Whilst we were inside the premises there was a knock at the door and I was informed by the Brothel Keeper that this was a regular weekly client who liked to be called ‘The Plumber’. The plumber’s real job was as a city investment banker. The brothel keeper opened the door and I could see a male in a suit holding a ‘plunger’ in his hand and stating he had come to ‘fix the leak’!! He was given access to the downstairs bathroom where he changed into a boiler suit and placed his neatly folded up clothes outside the bathroom door. A few minutes later he emerged from the bathroom, a plunger in hand, with a large grin on his face, picked up his clothes and apparently as usual asked to take a shower. The payment was then made in a wad of cash and he left in his Jag! Shortly after this, cocaine was put on the table and ‘the girls’ decided to party and my hubby and I left ostensibly to travel to a business meeting. When we left my husband laughed and said to me “I’ll never be able to call a plumber again without thinking of this!!!” 

11. How do you unwind after a long day of dealing with drug dealers and contract killers?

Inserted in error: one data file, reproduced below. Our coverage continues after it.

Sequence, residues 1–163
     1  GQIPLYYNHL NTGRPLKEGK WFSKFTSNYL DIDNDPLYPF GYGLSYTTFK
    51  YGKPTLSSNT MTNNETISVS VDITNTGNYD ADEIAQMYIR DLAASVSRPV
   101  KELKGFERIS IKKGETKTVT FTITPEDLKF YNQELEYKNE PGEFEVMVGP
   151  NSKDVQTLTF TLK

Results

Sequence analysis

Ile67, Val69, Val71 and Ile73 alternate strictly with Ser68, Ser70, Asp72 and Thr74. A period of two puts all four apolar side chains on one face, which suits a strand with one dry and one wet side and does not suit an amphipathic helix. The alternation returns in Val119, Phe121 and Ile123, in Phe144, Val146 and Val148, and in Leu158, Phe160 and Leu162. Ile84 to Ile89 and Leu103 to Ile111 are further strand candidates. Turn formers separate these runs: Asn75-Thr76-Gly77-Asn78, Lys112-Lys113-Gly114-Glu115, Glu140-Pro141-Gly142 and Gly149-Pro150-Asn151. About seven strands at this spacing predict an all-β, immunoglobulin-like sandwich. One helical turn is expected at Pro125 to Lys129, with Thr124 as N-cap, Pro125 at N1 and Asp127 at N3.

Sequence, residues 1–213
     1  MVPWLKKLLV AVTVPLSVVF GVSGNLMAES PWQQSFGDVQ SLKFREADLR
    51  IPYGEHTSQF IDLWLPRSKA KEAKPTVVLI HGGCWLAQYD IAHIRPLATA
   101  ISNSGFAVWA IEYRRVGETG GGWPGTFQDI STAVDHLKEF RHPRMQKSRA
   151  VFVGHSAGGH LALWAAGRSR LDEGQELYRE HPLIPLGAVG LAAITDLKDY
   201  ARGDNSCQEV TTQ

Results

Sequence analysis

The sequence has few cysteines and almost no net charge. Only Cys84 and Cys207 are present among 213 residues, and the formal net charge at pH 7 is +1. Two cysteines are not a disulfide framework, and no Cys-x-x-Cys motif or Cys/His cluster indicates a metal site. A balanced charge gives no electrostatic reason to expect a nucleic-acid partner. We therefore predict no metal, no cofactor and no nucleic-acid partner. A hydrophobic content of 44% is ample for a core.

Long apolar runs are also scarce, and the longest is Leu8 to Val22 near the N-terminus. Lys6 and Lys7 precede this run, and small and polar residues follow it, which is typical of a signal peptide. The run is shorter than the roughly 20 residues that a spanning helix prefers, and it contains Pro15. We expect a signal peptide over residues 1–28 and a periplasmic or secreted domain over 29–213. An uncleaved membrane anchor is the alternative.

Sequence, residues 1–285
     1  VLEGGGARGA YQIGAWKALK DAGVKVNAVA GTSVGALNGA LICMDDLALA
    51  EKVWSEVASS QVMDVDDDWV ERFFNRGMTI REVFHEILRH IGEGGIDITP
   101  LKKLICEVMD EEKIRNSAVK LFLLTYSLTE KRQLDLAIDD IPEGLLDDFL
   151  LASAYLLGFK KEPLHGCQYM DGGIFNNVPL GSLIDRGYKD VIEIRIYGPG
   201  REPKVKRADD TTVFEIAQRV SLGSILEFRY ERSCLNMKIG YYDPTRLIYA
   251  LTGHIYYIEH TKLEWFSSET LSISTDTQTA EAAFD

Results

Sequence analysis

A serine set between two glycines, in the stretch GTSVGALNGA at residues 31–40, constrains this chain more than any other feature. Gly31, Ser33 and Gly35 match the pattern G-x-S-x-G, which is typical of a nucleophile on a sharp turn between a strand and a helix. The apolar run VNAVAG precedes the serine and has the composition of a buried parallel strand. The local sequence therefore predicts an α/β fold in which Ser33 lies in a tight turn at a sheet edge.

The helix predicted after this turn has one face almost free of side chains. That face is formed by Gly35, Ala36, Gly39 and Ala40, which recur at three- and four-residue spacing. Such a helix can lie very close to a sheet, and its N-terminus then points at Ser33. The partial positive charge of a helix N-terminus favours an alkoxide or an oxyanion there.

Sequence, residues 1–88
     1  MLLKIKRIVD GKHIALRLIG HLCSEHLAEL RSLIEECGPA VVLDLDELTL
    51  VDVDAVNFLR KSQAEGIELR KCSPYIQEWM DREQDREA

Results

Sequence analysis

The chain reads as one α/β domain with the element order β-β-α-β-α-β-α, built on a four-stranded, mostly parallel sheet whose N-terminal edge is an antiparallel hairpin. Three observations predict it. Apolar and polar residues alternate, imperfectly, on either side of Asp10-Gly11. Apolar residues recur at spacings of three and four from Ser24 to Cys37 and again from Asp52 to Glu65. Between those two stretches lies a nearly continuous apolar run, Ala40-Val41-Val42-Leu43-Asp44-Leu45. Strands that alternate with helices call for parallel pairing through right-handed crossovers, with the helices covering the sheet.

Mr Smith: 

I always left my alter ego in my covert car. I would have a phone(s) with me that could ring at any time and you had to be ready to answer and record the conversation. So, you never really switched off but the events of the day would in general stay in my covert car. You would always let your Cover Officer know you were home safe and well and that would generate further conversation about the job and what next? But I learnt to ‘silo’ these events and enjoy my family time and either a glass of vino or Irish whiskey.

Mrs Smith:  

As soon as I left my covert car in a safe location I would revert to being ‘me’, a Mum and a partner. I suppose I am very lucky because I have the type of character in which although in my different policing roles I have been involved in tragic situations and seen horrific sights such as victims of murder, suicides, post mortems, fatal road traffic collisions I am able to ‘bring down the shutters’ and although I am empathetic I do not dwell on these incidents outside my working hours. I unwind by enjoying time with my partner and family, socialising with friends and I love open water sea-swimming and working out.  

12. Logistically how did it work with both of you living together presumably with false identities? It sounds complicated?